Wednesday, May 11, 2022, 12:00 PM - 02:00 PM ET
West Barracouta – 50 years in the making
Wednesday 11 th May
12 noon arrival for social drinks and lunch starting at 12.30pm; meeting concludes ~2pm
RSVP by midday Monday 9 th May
Kelvin Club, Melbourne Place (alley way off Russell St between Little Collins and Bourke Streets)
Business / smart dress requested by Kelvin Club
$50 members* and $60 non-members, $10 students
* (PESA, ASEG, IChemE, EA members get SPE member $50 rate)
Use this link to pay online if you are a SPE MEMBER
Cash or cheque on arrival, no credit card facilities available
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SPE meetings can qualify toward your professional development requirement
This presentation shows a case study on the value of combining existing ideas with new data to evaluate and determine the most effective way to extend the producing life of one of the first offshore gas discoveries in the Gippsland Basin. The holistic work approach resulted in the development of West Barracouta Top Latrobe gas by two dual-zone, subsea intelligent wells with sand control, tied back to an operating pipeline to minimise brownfields interface.
Located in the Gippsland Basin, the Barracouta gas field was Australia’s first discovery, by the first offshore well, and soon after the first operating offshore facility. After more than 50 years of oil and gas production, new data gives further insight to support continuous improvement in reservoir management to optimise the resource to end of field life.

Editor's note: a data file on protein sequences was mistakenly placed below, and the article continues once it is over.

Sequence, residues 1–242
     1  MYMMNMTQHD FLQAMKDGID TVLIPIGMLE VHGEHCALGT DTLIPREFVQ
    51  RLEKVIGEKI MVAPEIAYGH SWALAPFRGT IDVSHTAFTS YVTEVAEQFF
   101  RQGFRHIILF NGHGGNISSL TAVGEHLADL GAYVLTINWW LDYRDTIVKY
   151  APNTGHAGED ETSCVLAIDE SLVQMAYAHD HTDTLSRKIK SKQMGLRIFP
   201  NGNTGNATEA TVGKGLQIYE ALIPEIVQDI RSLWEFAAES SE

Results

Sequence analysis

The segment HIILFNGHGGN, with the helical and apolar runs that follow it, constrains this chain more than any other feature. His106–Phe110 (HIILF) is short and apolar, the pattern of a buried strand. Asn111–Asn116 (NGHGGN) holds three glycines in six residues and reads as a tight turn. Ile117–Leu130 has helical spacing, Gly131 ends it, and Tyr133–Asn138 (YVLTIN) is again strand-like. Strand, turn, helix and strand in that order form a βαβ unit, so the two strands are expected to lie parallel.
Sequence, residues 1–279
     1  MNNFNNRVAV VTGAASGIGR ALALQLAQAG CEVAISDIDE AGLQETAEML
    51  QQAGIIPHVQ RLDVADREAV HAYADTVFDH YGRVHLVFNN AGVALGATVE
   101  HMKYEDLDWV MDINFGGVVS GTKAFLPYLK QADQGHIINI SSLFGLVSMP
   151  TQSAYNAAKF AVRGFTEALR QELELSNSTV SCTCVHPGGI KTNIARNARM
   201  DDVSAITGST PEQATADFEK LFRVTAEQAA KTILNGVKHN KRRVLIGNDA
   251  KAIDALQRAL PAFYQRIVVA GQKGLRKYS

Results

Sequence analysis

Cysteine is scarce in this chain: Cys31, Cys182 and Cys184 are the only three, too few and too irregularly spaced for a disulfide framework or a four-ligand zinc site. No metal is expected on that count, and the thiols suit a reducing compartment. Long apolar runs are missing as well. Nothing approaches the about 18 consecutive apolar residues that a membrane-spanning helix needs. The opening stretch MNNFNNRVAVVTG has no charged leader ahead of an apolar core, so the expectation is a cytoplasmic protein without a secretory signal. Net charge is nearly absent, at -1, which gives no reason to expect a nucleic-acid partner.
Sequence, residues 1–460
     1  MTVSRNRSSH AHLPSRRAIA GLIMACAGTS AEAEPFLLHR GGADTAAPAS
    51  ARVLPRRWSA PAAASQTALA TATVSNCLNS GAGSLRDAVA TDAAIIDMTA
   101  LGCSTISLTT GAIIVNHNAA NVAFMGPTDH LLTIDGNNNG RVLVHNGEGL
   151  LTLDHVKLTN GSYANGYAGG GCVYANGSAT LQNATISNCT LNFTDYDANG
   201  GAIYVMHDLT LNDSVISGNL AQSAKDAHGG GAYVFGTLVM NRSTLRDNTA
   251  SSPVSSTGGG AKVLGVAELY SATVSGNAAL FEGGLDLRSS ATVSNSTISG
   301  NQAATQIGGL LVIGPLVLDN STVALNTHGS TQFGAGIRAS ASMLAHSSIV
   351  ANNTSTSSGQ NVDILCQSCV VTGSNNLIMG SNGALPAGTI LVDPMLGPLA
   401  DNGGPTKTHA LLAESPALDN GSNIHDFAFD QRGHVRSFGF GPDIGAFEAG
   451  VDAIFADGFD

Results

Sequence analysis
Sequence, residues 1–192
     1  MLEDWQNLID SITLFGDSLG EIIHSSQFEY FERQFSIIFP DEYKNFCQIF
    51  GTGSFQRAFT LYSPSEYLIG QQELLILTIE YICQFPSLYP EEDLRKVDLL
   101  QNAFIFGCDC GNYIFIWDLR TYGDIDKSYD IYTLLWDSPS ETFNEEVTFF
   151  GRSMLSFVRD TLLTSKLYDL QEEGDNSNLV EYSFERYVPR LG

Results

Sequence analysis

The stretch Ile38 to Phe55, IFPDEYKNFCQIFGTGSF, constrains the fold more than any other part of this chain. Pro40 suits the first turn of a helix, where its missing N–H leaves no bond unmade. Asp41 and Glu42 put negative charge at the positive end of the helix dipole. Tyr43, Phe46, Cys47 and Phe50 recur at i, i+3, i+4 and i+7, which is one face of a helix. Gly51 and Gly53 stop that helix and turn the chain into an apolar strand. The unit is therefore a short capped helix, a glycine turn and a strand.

Originally discovered in 1969, West Barracouta is separated from the main field by a fault induced saddle point that left a substantial volume without an active completion.
With the Gippsland legacy gas fields declining, the West Barracouta development is well timed to supply the Australian East Coast gas market with one of the last remaining low CO2 gas sources and ensure additional security of supply.
Incorporating reprocessed seismic data into the workflow delivered improved confidence in field definition, providing a foundation for a technology-driven development plan. This paper addresses the technical workflow that was implemented to support a fast-paced subsea development, robust against the range of possible geological scenarios.
Daniel joined ExxonMobil in 2018 and works as a Reservoir Engineer in the Australian Reservoir and Development Planning team. Daniel studied Petroleum and Chemical Engineering, graduating from The University of Adelaide in 2009. He is an active committee member of the Society of Petroleum Engineers (SPE) with 12 years’ experience in onshore & offshore production, field development planning, reserves assessment and reservoir simulation. Prior to joining ExxonMobil, Daniel worked in various Reservoir Engineering roles for Woodside Energy and Lochard Energy.
Melbourne, VIC, Australia